So listen to them,  be humble and  be nice to everyone.  It is great to have an important or interesting job  but I am telling you that in the long run, it is more important than almost anything  you do to be nice.

Now,  since we are  in the South,  and most people are already nice, I feel I should clarify.  Don’t confuse “nice” with what I call “stupid nice.”

“Nice” is carrying a tripod for a photographer whose already loaded down with equipment.

“Stupid nice’ is saying to him,  “Don’t worry you don’t need to carry a light kit too, I’m a natural beauty.”

“Nice” is congratulating a colleague when they did a good job.

“Stupid nice” is later saying to that same colleague,  “You did such a good  job; why don’t you just go ahead and  do this  interview with the president instead of me?”

Don’t be stupid nice.  Be nice. There will be days when this will take everything you’ve got.

I have met some honestly horrific people along the way,  awful, wretched individuals and right now I would like to take the opportunity to name each one of them.

Publicly.

(No one’s recording this, right?)

There was one senior producer  I worked for who was so nasty she went out of her way to try and make me miserable.   Often,  she succeeded.    She made me want to quit.

Then,  I remember something my father used to tell me before every track meet.

Well first,  he’d say,  “Make sure you tie your laces,  Einstein.”  Then, he’d say. “Ignore the competition and just run your race.’

Throughout your career people will try to distract you.  Some will scream at you,  others will say things behind your back,  and a few feral animals will  literally try to throw their stiletto heel in in your lane and trip you.    Keep your eyes straight ahead and just run your race.

Don’t worry what others are doing; they are nothing more than a distraction.  Drown out the critics.  Don’t engage in office politics or gossip.  Don’t worry about the guy next you.  Run your race.

Now, I am the first to admit I am a cautionary tale here.

I was running so hard,  working so much, I looked up one day and realized,  suddenly,  “Oh crap, I forgot to have kids!”    It was literally like that.  I was opening Christmas cards from friend and suddenly their babies were  teenagers.

The good news? I was married and had been for 15 years to a man who is a saint, and fortunately, we  keep the house stocked with wine, so we quickly remedied the situation.  I now have two toddlers.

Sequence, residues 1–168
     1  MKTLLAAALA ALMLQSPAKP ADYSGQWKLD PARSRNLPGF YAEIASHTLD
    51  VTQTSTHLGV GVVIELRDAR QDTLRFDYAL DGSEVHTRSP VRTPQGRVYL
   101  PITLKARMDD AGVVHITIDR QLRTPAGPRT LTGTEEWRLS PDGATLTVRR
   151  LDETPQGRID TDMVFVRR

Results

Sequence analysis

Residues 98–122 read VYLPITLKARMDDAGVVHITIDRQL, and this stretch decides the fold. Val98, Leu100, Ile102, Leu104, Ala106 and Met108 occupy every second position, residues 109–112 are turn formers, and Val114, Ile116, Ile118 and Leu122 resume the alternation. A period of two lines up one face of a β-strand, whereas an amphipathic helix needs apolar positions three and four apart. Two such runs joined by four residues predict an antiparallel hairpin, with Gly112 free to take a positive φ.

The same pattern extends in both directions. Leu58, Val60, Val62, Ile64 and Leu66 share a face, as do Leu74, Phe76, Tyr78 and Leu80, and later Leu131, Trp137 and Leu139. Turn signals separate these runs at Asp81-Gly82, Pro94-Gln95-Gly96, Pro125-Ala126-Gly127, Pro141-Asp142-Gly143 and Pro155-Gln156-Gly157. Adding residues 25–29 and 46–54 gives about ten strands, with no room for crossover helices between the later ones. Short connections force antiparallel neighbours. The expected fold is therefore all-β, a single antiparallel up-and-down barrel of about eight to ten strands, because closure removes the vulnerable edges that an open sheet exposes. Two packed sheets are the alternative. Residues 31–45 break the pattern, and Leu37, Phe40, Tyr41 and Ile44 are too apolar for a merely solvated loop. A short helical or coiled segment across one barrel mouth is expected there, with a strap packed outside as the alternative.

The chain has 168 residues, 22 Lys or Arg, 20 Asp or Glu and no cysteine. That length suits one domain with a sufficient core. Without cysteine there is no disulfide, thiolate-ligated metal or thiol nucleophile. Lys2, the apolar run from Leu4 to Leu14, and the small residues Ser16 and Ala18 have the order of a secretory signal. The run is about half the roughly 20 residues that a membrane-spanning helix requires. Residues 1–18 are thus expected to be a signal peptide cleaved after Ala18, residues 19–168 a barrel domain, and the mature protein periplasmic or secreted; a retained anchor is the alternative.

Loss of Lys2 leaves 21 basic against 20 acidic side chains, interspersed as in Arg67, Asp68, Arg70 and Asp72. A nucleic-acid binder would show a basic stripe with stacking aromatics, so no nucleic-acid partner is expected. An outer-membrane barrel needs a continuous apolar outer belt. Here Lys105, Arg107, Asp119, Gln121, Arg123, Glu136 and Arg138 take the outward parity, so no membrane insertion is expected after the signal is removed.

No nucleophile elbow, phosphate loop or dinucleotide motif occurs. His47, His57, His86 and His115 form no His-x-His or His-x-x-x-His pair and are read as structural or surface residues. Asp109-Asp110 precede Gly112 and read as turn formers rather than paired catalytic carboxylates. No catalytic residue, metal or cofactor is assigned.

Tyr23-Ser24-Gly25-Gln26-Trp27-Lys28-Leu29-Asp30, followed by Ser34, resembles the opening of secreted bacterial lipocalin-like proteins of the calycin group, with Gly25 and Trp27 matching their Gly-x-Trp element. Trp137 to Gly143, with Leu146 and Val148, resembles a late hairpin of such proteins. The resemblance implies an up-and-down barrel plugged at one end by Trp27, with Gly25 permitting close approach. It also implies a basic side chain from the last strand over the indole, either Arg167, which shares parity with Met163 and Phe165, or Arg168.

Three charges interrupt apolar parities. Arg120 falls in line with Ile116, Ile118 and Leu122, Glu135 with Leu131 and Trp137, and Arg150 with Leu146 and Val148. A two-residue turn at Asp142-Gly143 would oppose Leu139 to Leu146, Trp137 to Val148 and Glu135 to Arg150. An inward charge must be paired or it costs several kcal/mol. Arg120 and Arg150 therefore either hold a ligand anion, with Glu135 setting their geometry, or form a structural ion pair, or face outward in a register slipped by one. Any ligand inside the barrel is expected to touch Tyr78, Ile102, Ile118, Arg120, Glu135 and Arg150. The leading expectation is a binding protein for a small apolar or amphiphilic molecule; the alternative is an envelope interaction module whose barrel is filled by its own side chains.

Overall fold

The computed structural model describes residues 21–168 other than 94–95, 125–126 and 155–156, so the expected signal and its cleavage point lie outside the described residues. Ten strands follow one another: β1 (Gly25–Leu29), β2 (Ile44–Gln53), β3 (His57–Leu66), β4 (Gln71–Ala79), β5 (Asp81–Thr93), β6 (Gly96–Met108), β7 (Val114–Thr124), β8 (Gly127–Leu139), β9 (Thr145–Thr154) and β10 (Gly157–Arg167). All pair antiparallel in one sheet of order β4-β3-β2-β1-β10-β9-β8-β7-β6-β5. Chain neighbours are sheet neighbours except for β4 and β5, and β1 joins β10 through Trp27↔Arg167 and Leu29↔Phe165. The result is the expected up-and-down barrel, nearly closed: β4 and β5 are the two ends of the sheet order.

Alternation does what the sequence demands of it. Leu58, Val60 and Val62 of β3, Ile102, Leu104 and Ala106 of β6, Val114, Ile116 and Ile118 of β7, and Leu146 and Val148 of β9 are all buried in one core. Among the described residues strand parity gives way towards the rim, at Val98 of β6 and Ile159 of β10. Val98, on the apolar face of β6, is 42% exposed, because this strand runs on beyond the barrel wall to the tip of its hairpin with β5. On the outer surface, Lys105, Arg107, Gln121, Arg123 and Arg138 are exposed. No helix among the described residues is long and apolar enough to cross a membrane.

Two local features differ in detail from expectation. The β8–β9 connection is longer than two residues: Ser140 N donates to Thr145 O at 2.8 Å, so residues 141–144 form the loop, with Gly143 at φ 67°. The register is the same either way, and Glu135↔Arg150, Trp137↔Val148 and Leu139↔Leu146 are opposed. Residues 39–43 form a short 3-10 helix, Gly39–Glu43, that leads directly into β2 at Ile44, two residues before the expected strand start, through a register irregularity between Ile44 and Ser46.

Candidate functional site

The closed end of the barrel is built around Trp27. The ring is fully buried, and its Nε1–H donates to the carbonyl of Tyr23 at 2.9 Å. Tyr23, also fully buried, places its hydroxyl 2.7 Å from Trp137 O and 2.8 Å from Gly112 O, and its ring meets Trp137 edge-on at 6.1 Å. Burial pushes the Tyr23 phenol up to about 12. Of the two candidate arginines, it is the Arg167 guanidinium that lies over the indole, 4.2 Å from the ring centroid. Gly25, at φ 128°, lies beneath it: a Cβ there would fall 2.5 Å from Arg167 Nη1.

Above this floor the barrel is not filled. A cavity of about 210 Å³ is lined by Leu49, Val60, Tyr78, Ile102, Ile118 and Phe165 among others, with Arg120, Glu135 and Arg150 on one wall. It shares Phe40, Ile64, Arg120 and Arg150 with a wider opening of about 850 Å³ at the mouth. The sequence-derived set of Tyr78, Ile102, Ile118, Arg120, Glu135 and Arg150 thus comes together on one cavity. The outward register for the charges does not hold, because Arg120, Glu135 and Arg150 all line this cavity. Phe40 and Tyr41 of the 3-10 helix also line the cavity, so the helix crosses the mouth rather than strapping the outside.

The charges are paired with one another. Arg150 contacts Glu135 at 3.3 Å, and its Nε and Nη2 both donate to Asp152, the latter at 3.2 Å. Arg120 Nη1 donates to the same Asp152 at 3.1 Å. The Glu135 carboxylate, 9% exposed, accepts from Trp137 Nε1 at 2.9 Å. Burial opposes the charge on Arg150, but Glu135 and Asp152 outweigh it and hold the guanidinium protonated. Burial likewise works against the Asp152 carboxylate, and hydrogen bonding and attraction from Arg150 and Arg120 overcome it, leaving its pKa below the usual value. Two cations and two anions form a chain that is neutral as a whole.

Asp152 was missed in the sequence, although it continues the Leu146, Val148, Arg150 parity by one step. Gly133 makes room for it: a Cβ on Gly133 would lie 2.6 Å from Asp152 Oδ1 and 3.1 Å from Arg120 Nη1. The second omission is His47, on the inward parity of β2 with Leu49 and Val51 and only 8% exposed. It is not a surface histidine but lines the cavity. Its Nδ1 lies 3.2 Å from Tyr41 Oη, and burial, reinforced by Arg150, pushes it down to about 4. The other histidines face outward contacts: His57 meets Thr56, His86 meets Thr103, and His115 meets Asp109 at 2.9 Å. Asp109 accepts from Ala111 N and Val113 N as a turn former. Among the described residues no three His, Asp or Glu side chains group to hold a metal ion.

But I am 40 years old and have two toddlers! I am exhausted.

So, can you have it all?   Yes, yes you can.   But can you have it all at once?   Not so much.

Sometimes it will be all about your career,  other times more about your family or your kids.   Expect it to shift, expect  it to change.   And  that is okay.   That is life.

Your life will  have chapters, complete with crazy characters, villains and a  plot you can’t even imagine as you sit here today.

It’s a lot like a Scooby Doo episode.

You’re gonna see things you can’t believe.  Surround yourself with good friends.    Keep your eyes on the road ahead.   The  haunted mansion is a not a great short cut.  Ask questions.  Be scrappy.  Break up the plots of villains.  And  don’t worry about Scooby Snacks, you’re an Ole Miss grad, grab a bourbon and enjoy the ride.

Thank you all,  kiss your parents, hug your mothers,  good luck  and congratulations.

On Being a Reporter, by Tommy Miller

By Paige Williams

Tommy Miller

Tommy Miller

Still cleaning out files, and just came across this, from college, when I started writing newspaper stories for Tommy Miller and under the deanship of Will Norton and in the great big shadow of the incomparable Neely Tucker. Miller was an old UPI hand and a Houston Chronicle deputy managing editor, and we revered and adored him. He gave us many things, this among them:

On Being A Reporter

In order to be a reporter you must be more than a writer. You learn to adopt the personality of the reporter. Your whole approach to everything must be to portray the picture you hope to portray. The primary factors? Objectivity, seriousness, thoroughness, compassion, interest, accuracy, accuracy, accuracy.

Traits and characteristics you never thought important now are, especially if you’re covering a beat. You must wear well. You cannot afford to irritate. You must learn how to size people up and react accordingly. At the same time, you must adopt a code that is strong, professional, unswerving.

You will be evaluated by two factors: the impression you leave and the impression your stories leave.

Nothing will turn off a contact quicker than ignorance, unless it is uninterest (not disinterest). I emphasize that as a reporter you ought to be interested in everything. Everything. You should never even consider that there are things in this world that don’t interest you.